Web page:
Well, I've got quite a list of books on my Wishlist on Amazon, not to mention books I've flagged on Goodreads as things I'd like to read some day, and books are the things that spring most quickly to mind.
However, that's not really what I want, because as it stands, I can look over at my bookcase and quickly see several dozen books that I already own that I would like to read. I don't lack books. What I lack is the time and energy to read them. So what I really want, since the prompt did say, after all, that it didn't have to be a physical item, is the time and energy to read the books I want to read (and, for that matter, to write the things I want to write).
So I need my children to sleep through the night. In their own darned beds, not crawling in with us in the middle of the night. Then, I might have the energy for sustained attention, assuming we could also get them to go to bed at a decent our. And assuming I could discipline myself to go to bed at a decent hour.
Then I would actually need the time that wasn't constrained by work or family obligations or anything else, just free time.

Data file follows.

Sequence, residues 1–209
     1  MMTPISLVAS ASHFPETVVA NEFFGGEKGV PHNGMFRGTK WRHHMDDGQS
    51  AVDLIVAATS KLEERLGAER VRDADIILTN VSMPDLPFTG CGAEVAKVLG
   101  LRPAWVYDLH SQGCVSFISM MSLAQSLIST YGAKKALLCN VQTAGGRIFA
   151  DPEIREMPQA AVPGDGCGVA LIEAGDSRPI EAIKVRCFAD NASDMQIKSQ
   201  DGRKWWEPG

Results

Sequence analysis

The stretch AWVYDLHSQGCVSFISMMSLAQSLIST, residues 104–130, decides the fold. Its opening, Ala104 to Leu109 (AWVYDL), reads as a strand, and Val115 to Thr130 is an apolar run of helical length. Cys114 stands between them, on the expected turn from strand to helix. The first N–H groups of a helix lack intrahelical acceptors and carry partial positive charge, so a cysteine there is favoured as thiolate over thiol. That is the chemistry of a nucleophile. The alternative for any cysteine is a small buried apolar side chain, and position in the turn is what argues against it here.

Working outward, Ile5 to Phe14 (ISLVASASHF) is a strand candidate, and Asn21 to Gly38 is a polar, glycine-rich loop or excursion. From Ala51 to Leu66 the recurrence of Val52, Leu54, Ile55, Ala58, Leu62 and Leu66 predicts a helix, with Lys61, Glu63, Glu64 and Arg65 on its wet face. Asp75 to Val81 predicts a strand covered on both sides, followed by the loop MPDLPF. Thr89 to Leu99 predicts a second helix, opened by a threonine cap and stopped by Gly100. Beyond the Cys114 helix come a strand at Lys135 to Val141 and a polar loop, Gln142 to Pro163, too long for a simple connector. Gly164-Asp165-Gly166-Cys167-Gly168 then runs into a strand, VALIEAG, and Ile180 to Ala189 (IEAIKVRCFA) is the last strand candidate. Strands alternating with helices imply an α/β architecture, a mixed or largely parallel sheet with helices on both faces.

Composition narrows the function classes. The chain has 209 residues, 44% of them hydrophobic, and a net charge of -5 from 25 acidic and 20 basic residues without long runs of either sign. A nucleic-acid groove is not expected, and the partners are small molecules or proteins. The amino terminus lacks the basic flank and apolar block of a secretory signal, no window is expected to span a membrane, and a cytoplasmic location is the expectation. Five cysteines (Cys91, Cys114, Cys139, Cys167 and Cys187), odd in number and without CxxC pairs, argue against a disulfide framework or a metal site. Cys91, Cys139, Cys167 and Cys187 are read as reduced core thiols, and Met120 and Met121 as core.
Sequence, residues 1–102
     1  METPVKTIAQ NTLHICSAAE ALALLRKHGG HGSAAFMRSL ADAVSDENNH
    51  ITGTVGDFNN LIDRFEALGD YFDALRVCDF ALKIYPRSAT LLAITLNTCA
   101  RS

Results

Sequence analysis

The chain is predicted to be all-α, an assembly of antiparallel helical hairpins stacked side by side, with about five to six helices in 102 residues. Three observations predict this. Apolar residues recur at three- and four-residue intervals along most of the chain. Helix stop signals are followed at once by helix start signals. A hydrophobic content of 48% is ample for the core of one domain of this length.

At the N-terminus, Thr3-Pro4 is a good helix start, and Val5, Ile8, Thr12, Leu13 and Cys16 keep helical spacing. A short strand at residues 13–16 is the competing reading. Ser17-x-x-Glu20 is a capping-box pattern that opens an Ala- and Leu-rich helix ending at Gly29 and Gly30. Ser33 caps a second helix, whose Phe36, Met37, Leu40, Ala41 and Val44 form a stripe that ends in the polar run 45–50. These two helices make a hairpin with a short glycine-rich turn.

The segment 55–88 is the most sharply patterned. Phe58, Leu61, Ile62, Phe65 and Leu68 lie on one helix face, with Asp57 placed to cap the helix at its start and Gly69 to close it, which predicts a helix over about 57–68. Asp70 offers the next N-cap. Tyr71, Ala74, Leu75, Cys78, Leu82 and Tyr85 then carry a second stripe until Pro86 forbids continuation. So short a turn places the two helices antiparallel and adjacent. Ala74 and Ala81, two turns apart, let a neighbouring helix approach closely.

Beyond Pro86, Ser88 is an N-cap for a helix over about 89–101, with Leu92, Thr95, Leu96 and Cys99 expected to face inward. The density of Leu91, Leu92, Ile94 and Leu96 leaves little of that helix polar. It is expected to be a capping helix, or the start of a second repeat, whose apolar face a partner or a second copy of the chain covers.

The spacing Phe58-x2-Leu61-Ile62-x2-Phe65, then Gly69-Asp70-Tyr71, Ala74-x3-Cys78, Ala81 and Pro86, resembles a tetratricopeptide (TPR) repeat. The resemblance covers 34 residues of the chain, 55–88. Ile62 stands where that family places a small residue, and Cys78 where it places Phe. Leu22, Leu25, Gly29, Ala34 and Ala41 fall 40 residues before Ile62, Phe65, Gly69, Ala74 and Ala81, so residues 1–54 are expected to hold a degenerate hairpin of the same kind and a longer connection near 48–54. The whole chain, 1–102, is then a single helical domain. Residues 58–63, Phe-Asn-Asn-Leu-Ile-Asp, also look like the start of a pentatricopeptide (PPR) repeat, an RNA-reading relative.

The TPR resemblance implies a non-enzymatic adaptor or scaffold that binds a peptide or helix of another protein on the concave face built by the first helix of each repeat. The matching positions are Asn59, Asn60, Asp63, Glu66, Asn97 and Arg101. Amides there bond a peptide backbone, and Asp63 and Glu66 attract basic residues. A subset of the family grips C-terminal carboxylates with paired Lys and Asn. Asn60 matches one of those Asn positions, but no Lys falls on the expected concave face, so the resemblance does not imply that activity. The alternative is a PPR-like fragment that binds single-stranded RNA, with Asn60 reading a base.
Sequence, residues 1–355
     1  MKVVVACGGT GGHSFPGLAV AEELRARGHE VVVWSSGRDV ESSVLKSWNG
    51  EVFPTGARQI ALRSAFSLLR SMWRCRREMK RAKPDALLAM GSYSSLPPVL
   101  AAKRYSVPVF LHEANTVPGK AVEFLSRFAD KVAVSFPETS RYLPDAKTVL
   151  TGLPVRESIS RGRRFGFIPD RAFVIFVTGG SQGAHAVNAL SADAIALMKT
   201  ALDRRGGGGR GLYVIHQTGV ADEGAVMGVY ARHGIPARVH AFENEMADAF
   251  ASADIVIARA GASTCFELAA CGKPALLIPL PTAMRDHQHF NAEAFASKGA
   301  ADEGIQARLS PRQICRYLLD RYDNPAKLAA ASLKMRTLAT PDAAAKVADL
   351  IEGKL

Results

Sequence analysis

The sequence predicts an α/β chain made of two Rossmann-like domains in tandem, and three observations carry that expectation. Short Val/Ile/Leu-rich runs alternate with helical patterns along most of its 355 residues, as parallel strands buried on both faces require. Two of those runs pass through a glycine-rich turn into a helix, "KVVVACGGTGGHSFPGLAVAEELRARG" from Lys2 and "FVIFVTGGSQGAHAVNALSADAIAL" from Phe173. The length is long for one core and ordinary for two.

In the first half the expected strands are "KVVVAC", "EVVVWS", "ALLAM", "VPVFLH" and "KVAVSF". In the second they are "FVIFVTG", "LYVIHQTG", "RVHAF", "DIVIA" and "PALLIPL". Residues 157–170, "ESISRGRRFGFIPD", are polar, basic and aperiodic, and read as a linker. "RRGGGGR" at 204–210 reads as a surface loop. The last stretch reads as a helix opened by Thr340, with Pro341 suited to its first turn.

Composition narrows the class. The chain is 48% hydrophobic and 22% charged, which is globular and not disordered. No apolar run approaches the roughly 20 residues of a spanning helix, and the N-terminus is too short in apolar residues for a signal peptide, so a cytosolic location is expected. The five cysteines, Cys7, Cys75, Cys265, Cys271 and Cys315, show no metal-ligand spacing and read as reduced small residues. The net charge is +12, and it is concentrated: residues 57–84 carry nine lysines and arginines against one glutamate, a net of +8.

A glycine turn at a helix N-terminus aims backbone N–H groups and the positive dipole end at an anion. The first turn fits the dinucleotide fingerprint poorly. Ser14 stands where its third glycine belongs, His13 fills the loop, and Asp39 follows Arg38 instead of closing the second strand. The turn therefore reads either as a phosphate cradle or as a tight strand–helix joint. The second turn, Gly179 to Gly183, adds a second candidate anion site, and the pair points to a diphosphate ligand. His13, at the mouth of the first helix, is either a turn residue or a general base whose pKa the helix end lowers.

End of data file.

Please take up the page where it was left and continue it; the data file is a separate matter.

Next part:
So yeah, there's no Santa Claus on earth who could give me
No, I'm pretty sure you can't, so I'm prepared to live within the constraints of, you know, reality. And really, at Christmas--and any other time of year--it's best to appreciate what you've got. Like right now, as I try to bang out this blog post, I've got the cutest little 32-month-old all over my lap, getting in my way, sticking her fingers in my ears and eyes, and pulling me back and forth between annoyance and laughter, telling me what all the numbers and letters on my keyboard are, hunting and pecking them to extinction even while I try to type. And she's a total sweetheart, and if I didn't get a single present for Christmas this year, that would be okay too, because life is pretty darned good.